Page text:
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1908 - 1946
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Edgar Odell Lovett, a mathematician and astronomer at Princeton University, accepts the Trustee's invitation to serve as Rice Institute's founding academic head.  President Lovett lays the foundation for the university's dual commitment to undergraduate education and seminal research.  His extraordinary vision continues to guide Rice's tradition of academic excellence.

After visiting educational institutions around the world and studying their educational practices, Lovett assembles his founding faculty of 12 men dedicated to teaching and scholarship in the disciplines of English literature, German, French, pure and applied mathematics, physics, chemistry, biology, electrical engineering, physical education and architecture.  By 1946, the faculty grows to 62 members in 20 subject areas divided into academic and science/engineering courses of study.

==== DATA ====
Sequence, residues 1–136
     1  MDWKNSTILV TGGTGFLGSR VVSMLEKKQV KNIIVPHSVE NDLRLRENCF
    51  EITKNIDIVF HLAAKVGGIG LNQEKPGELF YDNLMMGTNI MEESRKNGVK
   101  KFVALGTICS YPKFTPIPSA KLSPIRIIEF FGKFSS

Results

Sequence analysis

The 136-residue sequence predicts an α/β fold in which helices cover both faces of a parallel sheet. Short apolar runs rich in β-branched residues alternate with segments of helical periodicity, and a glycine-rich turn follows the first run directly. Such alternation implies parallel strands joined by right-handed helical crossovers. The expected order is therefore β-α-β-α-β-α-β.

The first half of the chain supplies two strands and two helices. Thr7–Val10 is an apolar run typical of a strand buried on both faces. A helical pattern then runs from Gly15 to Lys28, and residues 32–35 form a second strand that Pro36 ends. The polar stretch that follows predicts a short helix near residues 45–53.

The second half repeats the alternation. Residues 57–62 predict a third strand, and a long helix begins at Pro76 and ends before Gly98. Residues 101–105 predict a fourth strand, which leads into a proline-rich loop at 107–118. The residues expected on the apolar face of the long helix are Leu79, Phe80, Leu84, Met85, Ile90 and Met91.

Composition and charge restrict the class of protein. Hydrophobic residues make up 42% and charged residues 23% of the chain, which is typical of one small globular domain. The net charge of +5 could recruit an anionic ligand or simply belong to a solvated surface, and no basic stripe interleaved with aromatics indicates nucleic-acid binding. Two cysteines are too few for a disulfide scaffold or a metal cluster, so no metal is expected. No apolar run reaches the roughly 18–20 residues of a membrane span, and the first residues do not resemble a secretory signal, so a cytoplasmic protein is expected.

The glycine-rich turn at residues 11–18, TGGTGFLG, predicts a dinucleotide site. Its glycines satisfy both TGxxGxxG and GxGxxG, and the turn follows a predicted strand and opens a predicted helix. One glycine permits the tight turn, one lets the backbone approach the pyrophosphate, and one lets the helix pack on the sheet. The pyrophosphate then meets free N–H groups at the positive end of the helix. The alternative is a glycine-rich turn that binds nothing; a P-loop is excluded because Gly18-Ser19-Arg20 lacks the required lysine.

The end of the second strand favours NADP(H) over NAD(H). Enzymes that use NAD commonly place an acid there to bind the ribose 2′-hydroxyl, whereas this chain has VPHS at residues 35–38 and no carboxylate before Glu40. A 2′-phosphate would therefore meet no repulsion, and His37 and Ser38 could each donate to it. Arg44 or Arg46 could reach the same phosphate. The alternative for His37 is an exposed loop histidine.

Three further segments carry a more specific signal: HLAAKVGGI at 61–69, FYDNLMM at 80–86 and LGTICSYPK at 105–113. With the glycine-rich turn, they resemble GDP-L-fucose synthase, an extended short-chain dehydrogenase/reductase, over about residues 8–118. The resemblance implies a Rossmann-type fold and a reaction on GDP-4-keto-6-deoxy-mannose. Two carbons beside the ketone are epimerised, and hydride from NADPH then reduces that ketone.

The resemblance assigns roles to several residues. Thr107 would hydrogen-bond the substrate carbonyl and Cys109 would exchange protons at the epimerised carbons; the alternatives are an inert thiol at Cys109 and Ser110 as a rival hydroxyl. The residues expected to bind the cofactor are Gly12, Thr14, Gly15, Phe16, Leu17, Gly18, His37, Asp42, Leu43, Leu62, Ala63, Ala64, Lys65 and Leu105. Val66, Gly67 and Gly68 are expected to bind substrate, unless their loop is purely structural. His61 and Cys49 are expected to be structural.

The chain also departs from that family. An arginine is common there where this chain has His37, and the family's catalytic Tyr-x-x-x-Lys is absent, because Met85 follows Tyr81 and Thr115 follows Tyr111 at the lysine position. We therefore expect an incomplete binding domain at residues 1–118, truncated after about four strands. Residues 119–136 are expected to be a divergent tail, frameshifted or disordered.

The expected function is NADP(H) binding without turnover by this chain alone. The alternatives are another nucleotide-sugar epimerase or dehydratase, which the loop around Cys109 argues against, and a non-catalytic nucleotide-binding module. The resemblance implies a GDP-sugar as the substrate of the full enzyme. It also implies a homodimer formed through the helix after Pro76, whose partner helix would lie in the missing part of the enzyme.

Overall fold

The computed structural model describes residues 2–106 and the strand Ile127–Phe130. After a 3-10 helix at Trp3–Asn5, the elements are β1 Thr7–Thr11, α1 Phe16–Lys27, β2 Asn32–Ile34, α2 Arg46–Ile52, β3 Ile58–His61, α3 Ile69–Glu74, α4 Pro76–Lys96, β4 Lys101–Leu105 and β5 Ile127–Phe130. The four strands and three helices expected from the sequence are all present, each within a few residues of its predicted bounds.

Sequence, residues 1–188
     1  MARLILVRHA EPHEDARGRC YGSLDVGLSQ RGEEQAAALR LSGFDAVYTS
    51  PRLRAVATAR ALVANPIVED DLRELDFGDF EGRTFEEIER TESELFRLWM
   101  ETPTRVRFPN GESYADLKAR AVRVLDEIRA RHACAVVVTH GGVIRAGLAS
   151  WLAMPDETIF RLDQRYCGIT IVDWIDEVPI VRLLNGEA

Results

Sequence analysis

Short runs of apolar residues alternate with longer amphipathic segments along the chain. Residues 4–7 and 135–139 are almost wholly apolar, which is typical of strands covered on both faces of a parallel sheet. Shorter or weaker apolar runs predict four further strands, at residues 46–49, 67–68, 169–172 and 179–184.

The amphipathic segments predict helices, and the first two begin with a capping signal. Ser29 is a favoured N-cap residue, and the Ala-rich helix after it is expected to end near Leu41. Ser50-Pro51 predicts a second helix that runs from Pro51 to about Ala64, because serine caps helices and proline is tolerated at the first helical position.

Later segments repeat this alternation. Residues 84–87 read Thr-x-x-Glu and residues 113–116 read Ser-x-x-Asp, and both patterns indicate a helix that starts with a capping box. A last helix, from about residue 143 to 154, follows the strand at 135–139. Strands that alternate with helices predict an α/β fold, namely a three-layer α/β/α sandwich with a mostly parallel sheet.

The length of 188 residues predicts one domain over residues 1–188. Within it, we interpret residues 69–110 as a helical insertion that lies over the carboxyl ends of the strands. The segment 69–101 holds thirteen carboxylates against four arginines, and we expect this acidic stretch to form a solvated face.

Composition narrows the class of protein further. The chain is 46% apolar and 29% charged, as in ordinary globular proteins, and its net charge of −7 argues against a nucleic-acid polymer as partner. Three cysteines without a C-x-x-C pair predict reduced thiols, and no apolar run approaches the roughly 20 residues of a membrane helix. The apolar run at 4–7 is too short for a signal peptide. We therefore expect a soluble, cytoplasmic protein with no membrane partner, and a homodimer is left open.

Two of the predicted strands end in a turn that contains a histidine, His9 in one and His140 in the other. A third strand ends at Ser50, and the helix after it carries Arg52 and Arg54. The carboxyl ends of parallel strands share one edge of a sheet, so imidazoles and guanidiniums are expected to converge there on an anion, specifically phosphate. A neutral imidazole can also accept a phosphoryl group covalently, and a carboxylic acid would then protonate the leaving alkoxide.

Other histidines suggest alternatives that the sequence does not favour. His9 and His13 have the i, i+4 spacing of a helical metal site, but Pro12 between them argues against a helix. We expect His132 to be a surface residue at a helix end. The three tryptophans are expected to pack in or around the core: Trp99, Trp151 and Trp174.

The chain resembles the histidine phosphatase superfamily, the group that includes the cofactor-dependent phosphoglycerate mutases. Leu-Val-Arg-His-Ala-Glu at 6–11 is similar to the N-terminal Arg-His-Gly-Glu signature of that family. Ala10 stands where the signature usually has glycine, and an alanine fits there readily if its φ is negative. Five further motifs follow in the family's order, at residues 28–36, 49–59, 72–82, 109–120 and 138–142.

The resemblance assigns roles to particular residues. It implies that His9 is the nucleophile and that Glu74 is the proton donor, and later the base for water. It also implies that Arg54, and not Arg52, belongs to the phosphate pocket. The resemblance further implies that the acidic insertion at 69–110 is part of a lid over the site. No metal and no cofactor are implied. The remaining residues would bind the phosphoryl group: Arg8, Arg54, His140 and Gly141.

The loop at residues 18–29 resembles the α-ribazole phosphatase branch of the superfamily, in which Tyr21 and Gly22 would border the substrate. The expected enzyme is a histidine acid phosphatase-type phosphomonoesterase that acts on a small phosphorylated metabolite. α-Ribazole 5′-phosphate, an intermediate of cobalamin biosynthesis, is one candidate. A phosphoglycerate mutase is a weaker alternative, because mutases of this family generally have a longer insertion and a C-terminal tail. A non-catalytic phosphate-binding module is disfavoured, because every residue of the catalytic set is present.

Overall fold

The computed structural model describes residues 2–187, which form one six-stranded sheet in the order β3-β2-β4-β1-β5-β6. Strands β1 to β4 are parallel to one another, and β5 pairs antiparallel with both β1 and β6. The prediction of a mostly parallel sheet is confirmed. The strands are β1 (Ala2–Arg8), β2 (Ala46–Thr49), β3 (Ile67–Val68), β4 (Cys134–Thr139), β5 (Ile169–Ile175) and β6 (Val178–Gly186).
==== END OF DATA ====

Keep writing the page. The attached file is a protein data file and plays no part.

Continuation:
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Rice's first president, Edgar Odell Lovett, is inaugurated on October 12, 1912.
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